CHENNAI: For the first time in its history, Chennai Airport will remain closed for an six consecutive days. The Airports Authority of India (AAI) announced on Wednesday night the airport would remain closed till December 6.
With the Adyar river in spate and overflowing its banks, and with the river flowing right under one of its runways, the Chennai Airport had become a brimming lake.
According to the AAI, by 6 am on Wednesday, the airport’s entire operational complex was under seven feet of water. So inundated had the airport become that over 3,500 persons were stranded within till Wednesday morning and were being evacuated by rescue service teams. The AAI issued a statement on Wednesday that said all the 1500 stranded passengers were being moved out of the airport, while a NOTAM (Notice to Airmen) had been issued to all air operators on the suspension of flights till December 6.
The suspension of operations meant that 45 flights had been redirected to other airports in India, along with the passengers, with Bengaluru bearing the brunt of the redirected flights.
SpiceJet released a statement on its own on the condition of their aircraft and the Chennai airport, which stated that the tarmac was under one and a half feet of water.
“We have suspended operations to Chennai Airport because the airport is waterlogged and the tarmac is under one and a half feet of water,” said G K Gupta, chief administrative officer, SpiceJet. The airline has four planes stranded on the ground in Chennai.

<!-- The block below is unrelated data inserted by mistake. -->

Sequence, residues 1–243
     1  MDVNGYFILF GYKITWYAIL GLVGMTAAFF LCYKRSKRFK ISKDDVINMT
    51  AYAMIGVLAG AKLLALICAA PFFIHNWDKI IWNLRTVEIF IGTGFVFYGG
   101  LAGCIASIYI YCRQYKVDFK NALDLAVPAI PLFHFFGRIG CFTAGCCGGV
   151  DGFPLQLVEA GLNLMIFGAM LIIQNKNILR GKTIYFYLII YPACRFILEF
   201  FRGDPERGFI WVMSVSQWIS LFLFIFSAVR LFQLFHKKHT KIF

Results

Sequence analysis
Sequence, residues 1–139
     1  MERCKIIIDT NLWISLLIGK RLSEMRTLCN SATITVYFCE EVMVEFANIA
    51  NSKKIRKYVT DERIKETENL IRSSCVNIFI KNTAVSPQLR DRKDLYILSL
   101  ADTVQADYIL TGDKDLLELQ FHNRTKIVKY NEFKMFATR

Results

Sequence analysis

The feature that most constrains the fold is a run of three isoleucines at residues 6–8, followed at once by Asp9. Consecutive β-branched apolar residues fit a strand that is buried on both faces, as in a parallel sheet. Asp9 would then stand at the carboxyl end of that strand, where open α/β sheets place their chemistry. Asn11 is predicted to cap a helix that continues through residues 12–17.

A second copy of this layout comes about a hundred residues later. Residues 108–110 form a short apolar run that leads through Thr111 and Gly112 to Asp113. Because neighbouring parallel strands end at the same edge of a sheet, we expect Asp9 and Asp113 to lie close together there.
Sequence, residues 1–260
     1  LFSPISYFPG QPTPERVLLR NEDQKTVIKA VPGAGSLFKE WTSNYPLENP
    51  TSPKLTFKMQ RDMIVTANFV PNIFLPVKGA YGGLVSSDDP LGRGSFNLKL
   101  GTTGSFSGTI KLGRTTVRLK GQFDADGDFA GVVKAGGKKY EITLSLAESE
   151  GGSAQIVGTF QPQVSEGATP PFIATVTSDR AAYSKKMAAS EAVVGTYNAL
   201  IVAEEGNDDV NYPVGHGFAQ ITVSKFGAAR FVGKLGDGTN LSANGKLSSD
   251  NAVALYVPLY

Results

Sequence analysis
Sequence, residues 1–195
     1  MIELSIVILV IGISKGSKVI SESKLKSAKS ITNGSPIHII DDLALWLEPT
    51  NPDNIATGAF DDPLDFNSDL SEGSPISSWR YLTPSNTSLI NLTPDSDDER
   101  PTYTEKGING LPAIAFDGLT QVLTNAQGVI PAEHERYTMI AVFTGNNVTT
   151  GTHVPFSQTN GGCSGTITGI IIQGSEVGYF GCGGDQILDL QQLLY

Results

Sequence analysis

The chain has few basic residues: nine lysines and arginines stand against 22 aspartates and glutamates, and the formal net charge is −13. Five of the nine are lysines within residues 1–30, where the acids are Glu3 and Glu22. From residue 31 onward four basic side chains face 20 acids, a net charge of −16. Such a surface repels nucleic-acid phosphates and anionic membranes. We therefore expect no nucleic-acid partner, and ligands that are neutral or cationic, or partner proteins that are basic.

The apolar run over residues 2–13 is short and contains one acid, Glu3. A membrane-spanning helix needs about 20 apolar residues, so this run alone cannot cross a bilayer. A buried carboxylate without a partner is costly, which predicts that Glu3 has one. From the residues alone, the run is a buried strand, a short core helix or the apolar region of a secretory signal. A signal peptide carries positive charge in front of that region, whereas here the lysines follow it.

A total of 34 planes are grounded at the airport.The AAI, in its latest statement said the Chennai airport had been under two feet of hour.
However the situation deteriorated fast and by 6am on Wednesday morning, the entire operational area was under seven feet of water. Navigational aids at the airport had been switched off because of the heavy waterlogging, said AAI.
However, the inundation is not the major problem, say sources. The support systems were severely strained by the vast overload they suffered through Tuesday night and Monday morning. The Chennai airport is designed to handle 2,500 passengers an hour. Wednesday morning saw nearly 4000 people inside the airport.
The entire baggage handling and cargo handling systems for Chennai Airport are also located in the basement, while the airport floor itself is on the same level as the tarmac, making it susceptible to flooding. Air turbine fuel (ATF) is also routed through supply lines to aircraft by fuel trucks, whose operations have been affected by the water logging.